The BCS and member schools are in the process of renewing their contract as the current one expires after the 2010 season. The AJC is reporting a slight change to the Rose Bowl selection process:
In past contracts if the Rose Bowl lost one of its traditional partners, the Big Ten or Pac-10 champ, to the BCS championship game, it could simply fill with another Big Ten or Pac-10 team that qualified. That's how a 9-3 Illinois team got to Pasadena two years ago.
Short break here to beat a tired drum. Teams that had a realistic shot at that spot, all records and rankings as of the time bowl selections were being made:
|Team||AP Rank||Record||Best Win|
|Arizona St.||#12||10-2||vs NR Oregon St. (9-4)|
|Illinois||#13||9-3||@ #1 Ohio State (11-1)|
|Boston College||#14||9-3||@ #5 Virginia Tech (11-2|
|Clemson||#15||9-3||vs NR Wake Forest (8-4)|
And 'realistic' is a stretch here. They aren't going to pick Arizona St. to play another Pac-10 team in the Rose Bowl, obviously, and Clemson is DQ'd on account of losing to both BC and VT. So that really leaves just Illinois and BC, both with the same record. Illinois had a better 'best win' and is a Big Ten member; why does their inclusion is this game routinely get treated like some type of scam?
But in the new contract, I'm told, there is an interesting clause: The first time in the deal that the Rose loses one of its champions to the BCS title game, that opening will be automatically filled by a Coalition (non-BCS conference) team if one has qualified.
For example: Let's say Southern Cal wins the Pac-10 and qualifies for the BCS championship game in 2010. And let's say Utah or Boise State goes undefeated again the wins the Mountain West or WAC. That team, if it doesn't get into the big game, would automatically go to the Rose, where no Coalition team has played before.
So it would be just once, not perpetually, and is triggered only if the two conditions are met in the same year, which might not actually happen.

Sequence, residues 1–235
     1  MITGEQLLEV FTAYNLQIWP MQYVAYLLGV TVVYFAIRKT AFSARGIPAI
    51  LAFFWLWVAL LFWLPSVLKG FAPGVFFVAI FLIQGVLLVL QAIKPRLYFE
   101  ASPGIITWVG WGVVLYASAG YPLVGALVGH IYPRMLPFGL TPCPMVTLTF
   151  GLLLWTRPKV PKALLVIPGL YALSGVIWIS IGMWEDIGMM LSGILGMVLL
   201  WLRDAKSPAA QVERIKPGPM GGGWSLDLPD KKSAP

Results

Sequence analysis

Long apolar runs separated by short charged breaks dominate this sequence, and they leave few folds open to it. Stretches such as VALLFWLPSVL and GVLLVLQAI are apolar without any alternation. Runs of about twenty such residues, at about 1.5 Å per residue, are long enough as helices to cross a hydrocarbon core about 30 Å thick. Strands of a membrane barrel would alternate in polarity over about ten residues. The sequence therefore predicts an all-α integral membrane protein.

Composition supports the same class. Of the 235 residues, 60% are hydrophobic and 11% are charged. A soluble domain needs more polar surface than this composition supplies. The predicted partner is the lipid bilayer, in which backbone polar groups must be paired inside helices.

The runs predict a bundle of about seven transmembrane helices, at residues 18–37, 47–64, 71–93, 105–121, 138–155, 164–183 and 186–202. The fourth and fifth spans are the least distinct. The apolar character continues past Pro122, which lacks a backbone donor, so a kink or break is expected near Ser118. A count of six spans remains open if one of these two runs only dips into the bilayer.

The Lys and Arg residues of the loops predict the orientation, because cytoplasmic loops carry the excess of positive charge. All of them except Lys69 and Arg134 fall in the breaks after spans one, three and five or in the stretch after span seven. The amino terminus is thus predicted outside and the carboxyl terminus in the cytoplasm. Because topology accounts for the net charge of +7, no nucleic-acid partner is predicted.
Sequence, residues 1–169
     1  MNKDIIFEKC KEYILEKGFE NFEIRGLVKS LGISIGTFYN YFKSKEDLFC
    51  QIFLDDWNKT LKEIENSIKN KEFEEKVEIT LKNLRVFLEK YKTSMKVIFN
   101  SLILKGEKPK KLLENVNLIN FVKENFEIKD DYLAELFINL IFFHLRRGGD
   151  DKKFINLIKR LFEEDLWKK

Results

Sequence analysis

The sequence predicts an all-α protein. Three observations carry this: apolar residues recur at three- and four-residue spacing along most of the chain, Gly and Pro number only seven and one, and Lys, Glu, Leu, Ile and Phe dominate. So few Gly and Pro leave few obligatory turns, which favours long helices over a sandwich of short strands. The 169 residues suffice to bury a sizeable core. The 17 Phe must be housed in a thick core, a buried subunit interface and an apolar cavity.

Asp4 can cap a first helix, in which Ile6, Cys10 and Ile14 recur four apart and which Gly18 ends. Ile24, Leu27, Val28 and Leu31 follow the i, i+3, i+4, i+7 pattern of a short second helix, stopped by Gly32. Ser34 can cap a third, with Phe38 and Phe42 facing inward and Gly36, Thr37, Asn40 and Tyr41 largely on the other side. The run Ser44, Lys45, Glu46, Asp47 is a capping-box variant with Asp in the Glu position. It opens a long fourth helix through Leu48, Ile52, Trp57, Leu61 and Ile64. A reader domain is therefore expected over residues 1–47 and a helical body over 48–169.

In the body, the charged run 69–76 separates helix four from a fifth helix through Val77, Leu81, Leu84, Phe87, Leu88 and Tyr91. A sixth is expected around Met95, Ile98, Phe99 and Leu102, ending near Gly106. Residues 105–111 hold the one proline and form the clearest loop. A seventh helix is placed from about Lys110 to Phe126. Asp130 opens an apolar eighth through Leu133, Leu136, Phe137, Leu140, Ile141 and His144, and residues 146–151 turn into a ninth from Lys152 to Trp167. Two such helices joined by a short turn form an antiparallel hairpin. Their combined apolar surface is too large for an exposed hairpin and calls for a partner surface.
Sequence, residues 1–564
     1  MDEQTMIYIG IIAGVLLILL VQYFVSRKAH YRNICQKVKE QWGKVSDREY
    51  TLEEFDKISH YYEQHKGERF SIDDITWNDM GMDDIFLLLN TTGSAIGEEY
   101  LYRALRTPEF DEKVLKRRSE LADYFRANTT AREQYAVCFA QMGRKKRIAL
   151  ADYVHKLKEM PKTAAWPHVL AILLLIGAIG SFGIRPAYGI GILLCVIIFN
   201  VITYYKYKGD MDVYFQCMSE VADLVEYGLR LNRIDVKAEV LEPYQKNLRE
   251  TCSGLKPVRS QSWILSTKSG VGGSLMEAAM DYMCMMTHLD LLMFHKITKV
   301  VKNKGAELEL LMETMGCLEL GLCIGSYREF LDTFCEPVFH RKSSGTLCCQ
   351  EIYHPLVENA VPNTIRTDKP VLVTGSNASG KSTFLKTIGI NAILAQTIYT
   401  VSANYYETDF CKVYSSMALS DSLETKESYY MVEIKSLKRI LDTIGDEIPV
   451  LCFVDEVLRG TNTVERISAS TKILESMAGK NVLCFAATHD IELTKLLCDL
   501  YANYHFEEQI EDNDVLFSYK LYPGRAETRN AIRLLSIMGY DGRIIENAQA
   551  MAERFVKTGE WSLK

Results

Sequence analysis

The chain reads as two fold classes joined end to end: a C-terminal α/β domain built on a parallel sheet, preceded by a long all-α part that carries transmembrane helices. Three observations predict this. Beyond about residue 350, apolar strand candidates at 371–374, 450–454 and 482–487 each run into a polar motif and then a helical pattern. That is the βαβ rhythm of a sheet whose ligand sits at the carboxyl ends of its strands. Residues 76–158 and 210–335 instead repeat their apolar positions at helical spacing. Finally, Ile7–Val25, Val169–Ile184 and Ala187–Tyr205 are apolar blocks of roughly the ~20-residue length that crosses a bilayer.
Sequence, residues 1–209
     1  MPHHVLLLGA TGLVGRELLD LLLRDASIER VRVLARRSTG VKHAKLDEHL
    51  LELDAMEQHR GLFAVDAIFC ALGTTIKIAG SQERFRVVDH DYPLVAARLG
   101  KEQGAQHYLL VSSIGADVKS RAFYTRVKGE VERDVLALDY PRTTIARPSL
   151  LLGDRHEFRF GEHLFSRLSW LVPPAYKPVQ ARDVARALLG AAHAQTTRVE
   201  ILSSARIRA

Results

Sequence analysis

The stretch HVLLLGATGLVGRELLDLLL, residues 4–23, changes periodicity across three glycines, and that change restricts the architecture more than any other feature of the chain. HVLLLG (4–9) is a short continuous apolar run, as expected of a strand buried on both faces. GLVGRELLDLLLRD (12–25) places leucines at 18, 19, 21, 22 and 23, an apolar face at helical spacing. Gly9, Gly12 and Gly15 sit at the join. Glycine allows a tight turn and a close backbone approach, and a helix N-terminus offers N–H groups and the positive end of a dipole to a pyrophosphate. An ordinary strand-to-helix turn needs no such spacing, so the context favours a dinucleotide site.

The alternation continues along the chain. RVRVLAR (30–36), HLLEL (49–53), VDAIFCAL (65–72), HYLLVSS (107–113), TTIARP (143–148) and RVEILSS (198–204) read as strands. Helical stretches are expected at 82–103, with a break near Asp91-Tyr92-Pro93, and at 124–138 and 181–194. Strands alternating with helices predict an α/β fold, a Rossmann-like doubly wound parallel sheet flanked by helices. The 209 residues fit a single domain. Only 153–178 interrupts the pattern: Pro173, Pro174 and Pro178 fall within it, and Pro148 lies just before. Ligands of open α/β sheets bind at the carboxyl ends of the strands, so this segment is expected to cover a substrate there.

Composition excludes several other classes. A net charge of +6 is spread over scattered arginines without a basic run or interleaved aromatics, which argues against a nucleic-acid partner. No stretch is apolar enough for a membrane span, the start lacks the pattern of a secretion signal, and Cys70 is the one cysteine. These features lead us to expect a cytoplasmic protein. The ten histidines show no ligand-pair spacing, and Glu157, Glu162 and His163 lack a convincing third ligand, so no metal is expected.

He goes on...
What's the significance of this, you ask? It is another way that the BCS is increasing access of the five Coalition conferences to all of the games in system. Should the BCS get sued and hauled back before Congress, it is another way it can counter the claim that the Coalition schools don't have enough access.
This doesn't make any sense.
What the Bloc has been bitching about, and having their congressmen bitch about, is not a lack of inclusion into the BCS games, but into the BCS Championship Game. This does nothing to address that.
All this does, really, is water down the Rose Bowl for the benefit of the other BCS games who, without the Coliseum's help, have been saddled with non-BCS schools since the Series expanded to five games in 2007.
Applied to Rose Bowl games since that happened:
2007: Rose Bowl matches USC vs. Boise State. Michigan is likely shipped to the Fiesta to play Oklahoma.
2008: Rose Bowl matches USC vs. Hawaii. Illinois is likely shipped to the Sugar to play Georgia.
2009: No change.
It has no impact on a Bloc team getting into the MNC, it has no impact on getting more than one Bloc team into a BCS game, and it has almost no impact on the other bowl teams selected with the potential exception being a Pac-10 or Big Ten team could get screwed for local reasons by a non-Rose Bowl selection committee.
So this isn't a concession on the behalf of the BCS, but a concession on behalf of the Rose Bowl. They were given a sweetheart deal to get them on board with the BCS idea in 1998, and it's only 12 years later than they are being forced, for one year anyway, to be a team player.